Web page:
According to the data collection and processing section, the experimental result for the mass of the weight hanger (vertical mass) is 330. 28g with a percent uncertainty of ±7. 3% or ±24. 11g as an absolute uncertainty. At a percent error standpoint, the experimental result of 330. 28g compared to the actual mass of the weight hanger results an 11. 85% percent error, compared to the percent uncertainty of 7. 3%, percent error is smaller by 4. 55%. The calculated value does not lie within the scope of the uncertainties; therefore the experimental value derived is inaccurate.
The large percent uncertainty and percent error corroborates that the defective design of the experiment have significantly impacted the outcomes of the lab, both systematic and random errors contributed greatly to the percent error of the experimental result. The uncertainty errors throughout the lab has been high, one of the main contributors to the large error is the time required uncertainty, the most significant factor that contribute to this uncertainty is due to the very nature of the stopper swing, at around 9.
3m/s it is extremely difficult or perhaps impossible for the naked to judge the exact 10 revolutions made by the stopper and react to it at the same time, furthermore, the stopper’s speed must vary for every trial because the swinging motion is controlled manually, unless the swinging technique is fully mastered, the force applied to swing the glass tube should always be different, therefore resulting a significant systematic error.
The second flaw of the experiment comes from two assumptions made in the lab, one of them being that the glass tube is frictionless when in contact with the string in the swinging motion of the rubber stopper, although the glass tube is to reduce the friction between the two objects’ friction to a minimum, but the design and equipment used in the lab is limited, in reality, there must have been thermal energy lost in the process.
The second assumption is that the rubber stopper travelled in perfect horizontal motion with no x directions to it, this assumption was made to help aid the calculations made and make sense of the centripetal force definition in horizontal motion, in reality the perfect swing could never have happened due to the very nature of the manually control, in order to eliminate the x direction made by the swinging stopper, the force applied to the tube would have to be constant with just the right amount at all timed intervals.
Throughout the experiment, the fatigue of the arm of the experimentalists was evident; this could have contributed even more to the x direction of the swing. The two assumptions above could have caused major discrepancies during the course of the lab and could have potentially contributed to most of the percent errors in the experimental result.
The last flaw in this experiment is the measurement of the radius; this also fall in the category for with the problem of manually control the swing and assumptions, since the radius used in the centripetal force formula, we have to measure the radius before every trial, as the data collection demonstrates, the length of the radius decreases over time, this may be due to the effects of the swinging motion on the twirling of the string and have somewhat of an effect on the result as the string can elongate during the performance of the experiment as well.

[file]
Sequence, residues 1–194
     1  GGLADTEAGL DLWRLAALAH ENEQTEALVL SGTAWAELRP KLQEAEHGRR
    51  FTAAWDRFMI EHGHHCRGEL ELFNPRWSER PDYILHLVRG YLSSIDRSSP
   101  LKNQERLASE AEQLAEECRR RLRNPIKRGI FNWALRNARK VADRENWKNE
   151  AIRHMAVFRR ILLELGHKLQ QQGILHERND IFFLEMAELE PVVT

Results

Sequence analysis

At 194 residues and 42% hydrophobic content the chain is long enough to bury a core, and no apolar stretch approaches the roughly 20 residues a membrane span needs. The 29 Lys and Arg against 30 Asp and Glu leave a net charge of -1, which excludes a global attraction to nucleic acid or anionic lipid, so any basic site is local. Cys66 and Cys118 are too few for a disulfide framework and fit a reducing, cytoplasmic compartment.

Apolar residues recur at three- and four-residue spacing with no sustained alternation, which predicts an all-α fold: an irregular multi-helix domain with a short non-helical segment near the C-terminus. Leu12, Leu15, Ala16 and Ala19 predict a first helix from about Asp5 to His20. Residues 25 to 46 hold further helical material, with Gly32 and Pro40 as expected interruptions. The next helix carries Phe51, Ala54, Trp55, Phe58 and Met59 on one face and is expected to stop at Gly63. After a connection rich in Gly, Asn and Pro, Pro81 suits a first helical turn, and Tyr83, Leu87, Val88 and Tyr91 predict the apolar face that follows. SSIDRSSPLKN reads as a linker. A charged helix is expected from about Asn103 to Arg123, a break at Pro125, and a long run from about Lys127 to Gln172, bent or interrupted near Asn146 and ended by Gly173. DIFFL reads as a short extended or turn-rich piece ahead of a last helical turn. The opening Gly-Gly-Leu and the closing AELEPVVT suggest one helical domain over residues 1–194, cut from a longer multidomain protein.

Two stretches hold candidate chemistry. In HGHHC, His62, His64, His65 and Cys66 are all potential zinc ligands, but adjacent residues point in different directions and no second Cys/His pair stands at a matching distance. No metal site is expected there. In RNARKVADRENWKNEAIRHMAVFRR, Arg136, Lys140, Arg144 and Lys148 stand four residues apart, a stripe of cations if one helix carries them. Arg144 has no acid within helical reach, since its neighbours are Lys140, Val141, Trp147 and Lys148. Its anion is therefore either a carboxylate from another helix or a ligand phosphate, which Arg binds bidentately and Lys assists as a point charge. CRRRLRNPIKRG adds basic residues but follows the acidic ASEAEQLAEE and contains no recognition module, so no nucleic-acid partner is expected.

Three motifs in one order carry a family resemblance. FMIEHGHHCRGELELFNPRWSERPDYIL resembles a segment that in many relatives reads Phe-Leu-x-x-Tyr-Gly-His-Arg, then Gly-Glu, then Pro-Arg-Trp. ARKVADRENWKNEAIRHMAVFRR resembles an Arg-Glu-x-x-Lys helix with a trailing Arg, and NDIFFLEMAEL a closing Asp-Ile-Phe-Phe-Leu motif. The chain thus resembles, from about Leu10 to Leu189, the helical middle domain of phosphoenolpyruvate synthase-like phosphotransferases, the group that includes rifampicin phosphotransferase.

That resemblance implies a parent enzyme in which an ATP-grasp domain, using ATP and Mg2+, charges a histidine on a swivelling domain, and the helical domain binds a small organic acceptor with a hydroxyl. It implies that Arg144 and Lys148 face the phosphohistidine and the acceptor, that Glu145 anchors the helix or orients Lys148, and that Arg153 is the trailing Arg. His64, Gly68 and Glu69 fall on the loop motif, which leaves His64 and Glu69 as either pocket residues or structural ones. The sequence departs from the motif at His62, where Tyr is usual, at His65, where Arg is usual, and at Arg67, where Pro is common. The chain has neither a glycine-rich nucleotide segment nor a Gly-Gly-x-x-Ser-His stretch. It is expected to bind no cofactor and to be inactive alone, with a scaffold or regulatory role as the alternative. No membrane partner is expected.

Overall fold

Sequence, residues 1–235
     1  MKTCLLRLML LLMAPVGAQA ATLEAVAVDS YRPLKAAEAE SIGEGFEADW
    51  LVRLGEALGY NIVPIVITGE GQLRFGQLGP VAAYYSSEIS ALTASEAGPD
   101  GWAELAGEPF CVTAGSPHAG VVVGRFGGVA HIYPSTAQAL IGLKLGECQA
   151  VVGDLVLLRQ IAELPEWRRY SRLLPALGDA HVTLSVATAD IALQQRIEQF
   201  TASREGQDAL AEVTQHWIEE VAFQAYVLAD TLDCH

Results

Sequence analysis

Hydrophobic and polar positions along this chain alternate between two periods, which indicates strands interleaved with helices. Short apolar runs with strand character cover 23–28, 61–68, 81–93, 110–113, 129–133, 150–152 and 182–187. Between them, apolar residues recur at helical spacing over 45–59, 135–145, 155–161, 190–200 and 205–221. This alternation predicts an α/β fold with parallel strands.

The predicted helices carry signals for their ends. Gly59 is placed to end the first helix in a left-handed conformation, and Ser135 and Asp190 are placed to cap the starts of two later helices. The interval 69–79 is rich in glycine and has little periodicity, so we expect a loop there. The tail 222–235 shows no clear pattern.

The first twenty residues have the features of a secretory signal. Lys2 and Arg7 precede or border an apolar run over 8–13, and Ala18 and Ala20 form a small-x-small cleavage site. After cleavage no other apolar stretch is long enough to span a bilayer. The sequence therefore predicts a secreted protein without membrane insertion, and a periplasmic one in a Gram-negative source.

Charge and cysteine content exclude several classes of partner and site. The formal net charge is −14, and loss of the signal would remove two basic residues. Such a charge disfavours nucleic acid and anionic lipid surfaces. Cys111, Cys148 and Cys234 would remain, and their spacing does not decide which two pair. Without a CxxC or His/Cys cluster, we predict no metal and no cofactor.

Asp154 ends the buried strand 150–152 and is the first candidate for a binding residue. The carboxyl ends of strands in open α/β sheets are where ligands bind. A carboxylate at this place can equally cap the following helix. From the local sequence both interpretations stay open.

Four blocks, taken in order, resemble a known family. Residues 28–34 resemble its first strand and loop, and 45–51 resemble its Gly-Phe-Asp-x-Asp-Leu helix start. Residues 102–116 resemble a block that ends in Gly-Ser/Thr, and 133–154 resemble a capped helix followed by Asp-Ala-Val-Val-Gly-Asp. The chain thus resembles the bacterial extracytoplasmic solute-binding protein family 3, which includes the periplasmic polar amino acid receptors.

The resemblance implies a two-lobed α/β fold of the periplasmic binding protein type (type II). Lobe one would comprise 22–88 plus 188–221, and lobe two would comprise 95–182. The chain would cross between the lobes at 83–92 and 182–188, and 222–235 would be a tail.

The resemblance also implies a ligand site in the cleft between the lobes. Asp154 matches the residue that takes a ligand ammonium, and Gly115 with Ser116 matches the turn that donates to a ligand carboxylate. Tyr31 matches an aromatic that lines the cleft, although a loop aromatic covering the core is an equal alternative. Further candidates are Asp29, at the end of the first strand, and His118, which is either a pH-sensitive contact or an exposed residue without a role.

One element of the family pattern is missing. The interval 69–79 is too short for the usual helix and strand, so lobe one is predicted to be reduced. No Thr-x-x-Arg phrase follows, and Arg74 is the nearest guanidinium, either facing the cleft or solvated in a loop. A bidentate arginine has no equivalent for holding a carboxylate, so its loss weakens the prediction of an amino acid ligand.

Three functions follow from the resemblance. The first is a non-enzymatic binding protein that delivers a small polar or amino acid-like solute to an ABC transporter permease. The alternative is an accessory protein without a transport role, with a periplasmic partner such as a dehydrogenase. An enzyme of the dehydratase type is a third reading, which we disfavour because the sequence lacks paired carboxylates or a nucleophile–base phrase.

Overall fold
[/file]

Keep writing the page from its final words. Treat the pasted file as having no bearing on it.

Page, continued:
The second flaw from the radius is that the assumption is made that it will always be measured from the clip to the tip of the rubber stopper. In reality, the clip can only come infinitely close to the glass tube for the experiment to work (because they cannot touch), and because the motion of the swing is controlled manually, it’s almost certain that every radius during the course of the lab in each trial will vary, which can have significant impact on the result.
The use of a more precise stop watch would be a valuable tool, because the stopper travels at a very fast speed, as the data processing shows, one revolution of the stopper takes an average of 0. 35 second, the time relates directly to the speed (v) of the stopper, and this would ultimately affect the result on the centripetal force and the experimental result of the mass, therefore determining the period of the stopper as accurate as possible is crucial for the accuracy of the experiment.
Secondly, the manual control of the swing has caused chaos in terms of systematic errors the experiment, to solve this problem realistically; we could use something similar to the mechanism of a pedal system on a bike, we can place it sideways and attach the glass tube onto one of the pedals and spin the other manually by hand, this could reduce the x direction made by the stopper to a minimum in the most affordable way, and would give us a better result.
To reduce the twirl and friction of the string, we could use a softer string with fewer threads bind together; the softness of the string will reduce the friction to a minimum, with fewer threads bind together in the string, the twirl will be reduced to a minimum, lowering the systematic errors. All of the improvements about relates to the systematic errors as the percent error is larger compared to the percent uncertainty, they will reduce the systematic errors to a maximum and ensure better results.